While the pathway to literacy for children without visual impairments is never a straight line, easy, or effortless it tends to be easier than for children born with visual impairments or children born blind.
The pre-literacy portion of a sighted child’s life is inevitably exposed to the idea of the written language even if they aren’t quite able to wrap their heads around the ins and outs of it just yet. They see things in print, they see the adults in their life interacting with those visual cues, and over time they begin to better understand exactly what’s happening and are able to better put the pieces of this puzzle together.
Children with visual impairments, however, are not given this day today exposure. They aren’t able to make the same kinds of visual connections that young children make between a logo from their favorite television show and the same logo on a toy at the store, and they aren’t able to recognize the signage outside of their favorite restaurant even if they can’t quite make out what it says just yet.
At the same time, there are pathways to helping visually impaired children learn to read books even from a very young age. Parents and educators just have to be prepared to provide many of these same experiences in a way that resonates with the world that visually impaired children are living in to help encourage their interest in reading.
Start As Easy As Possible
As highlighted above, children without visual impairments are exposed to the idea of reading almost from day one, even if they have absolutely no conceptual idea of what they are looking at.
Children with visual impairments, however, can be given a similar experience if you’re able to describe the world around them, describe what’s happening and why, and “anchor” words to experiences and tangible things they can wrap their minds around even if they aren’t able to physically see what you are describing.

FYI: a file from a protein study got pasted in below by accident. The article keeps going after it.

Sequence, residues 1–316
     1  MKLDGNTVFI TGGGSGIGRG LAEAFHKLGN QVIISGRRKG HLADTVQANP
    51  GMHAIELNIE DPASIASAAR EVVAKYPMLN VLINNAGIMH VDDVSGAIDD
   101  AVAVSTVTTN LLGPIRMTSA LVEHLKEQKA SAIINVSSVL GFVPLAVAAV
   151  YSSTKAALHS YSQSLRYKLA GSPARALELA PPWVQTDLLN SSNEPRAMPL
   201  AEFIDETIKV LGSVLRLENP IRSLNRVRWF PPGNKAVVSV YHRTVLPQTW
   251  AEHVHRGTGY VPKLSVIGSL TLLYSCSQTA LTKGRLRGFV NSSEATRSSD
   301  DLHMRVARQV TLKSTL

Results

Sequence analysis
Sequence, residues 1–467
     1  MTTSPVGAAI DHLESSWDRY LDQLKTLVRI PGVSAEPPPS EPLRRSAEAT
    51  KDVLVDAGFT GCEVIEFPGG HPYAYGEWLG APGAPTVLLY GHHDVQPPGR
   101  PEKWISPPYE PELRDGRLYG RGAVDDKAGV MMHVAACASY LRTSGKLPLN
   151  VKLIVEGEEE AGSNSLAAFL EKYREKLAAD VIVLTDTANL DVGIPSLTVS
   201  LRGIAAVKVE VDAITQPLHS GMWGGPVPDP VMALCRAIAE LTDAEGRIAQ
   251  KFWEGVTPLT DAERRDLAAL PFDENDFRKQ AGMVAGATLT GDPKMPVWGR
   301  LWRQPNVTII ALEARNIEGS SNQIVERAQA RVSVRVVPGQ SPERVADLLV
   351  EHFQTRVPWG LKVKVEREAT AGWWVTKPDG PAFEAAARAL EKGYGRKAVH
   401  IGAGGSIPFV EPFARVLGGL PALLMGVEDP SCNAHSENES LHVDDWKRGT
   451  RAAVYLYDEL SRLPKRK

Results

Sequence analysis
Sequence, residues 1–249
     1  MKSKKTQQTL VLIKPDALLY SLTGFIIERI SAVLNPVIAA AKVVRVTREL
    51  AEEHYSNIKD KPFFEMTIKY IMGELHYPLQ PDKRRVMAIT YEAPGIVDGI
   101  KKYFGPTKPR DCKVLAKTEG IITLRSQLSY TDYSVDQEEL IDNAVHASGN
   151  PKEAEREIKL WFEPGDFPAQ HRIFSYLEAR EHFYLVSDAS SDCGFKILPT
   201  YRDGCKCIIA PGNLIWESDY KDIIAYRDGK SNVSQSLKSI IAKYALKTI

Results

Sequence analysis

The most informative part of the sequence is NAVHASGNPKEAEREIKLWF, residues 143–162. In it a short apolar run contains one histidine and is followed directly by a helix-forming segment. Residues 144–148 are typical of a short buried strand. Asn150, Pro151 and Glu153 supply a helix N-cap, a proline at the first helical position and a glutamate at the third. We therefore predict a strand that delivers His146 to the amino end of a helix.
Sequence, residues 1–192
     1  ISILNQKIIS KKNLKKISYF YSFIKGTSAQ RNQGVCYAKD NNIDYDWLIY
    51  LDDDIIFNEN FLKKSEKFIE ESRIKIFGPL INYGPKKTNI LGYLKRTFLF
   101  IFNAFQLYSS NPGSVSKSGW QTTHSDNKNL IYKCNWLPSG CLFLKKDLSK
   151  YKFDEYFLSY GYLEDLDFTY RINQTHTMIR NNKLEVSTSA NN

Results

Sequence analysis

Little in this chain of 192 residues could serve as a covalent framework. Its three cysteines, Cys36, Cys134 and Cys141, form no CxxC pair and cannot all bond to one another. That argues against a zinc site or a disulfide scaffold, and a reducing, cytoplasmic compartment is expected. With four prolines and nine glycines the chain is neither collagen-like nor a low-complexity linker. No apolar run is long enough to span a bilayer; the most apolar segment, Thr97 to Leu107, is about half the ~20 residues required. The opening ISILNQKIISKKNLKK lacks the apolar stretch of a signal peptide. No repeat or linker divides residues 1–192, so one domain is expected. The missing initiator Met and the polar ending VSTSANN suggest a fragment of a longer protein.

This exposure during the early learning stages contributes big time to literacy rates later down the line, particularly if you’re able to make these experiences as varied and as wide-sweeping as possible. Describe to them different animals, different objects, different activities, and different experiences that can help them learn the meaning of words before you dive into reading specific lesson plans.
When you’re preparing to teach your visually impaired child to learn to read it’s important to have a firm grasp on the tools and resources that your child can make the most of. If you’re working with a child that has significantly impaired vision but is not blind you may be able to use many of the same resources non-visually impaired children are able to leverage modified to suit their specific needs.
On the other hand, you may want to use a combination of larger print and braille materials – particularly if the low level of vision is significantly compromised. Children that are blind will necessitate a braille approach, and you want to make sure that you are building lessons around these approaches before you dive into the actual reading material itself.
Make Reading Fun
It’s critical that you make reading especially engaging for children with visual impairments, particularly if they are going to have to work through obstacles and challenges that can turn them off from reading altogether in the early stages.
You’ll want to find material that is age-appropriate but more than that you’ll want to find stories that really resonate with their interests and really resonate with things that excite them.
Sure, the “standard” children’s books and nursery rhymes are never a bad approach to lay down the fundamentals. But if you’re able to find story materials that they get really excited about, the kinds of books or stories that they want to read over and over again, you’re going to find that their capacity to work through these early struggles and hurdles is almost unlimited.
Connect Them to the Concept of Writing
Another smart strategy you can utilize to really bring home the sometimes nebulous concept of the written word for children with visual impairments is to encourage them to “right” with crayons, with markers, and with pencils and pens as you tackle storytime.
Not only is it a good idea to have them write while you are reading to them (even if the drawings aren’t all that recognizable), but it’s also a good idea to encourage them to write stories for you – drawing and scribbling on a piece of paper and then reading you what they have written, really reinforcing the concept of language down on paper.
At the end of the day, teaching a child to read books (regardless of their visual capabilities) is always a labor of love filled with challenges, milestones, and celebrations.
If you’re willing to work with them and can match their excitement, you’ll have a guaranteed path to literacy no matter what! If you need help finding free books read our article here.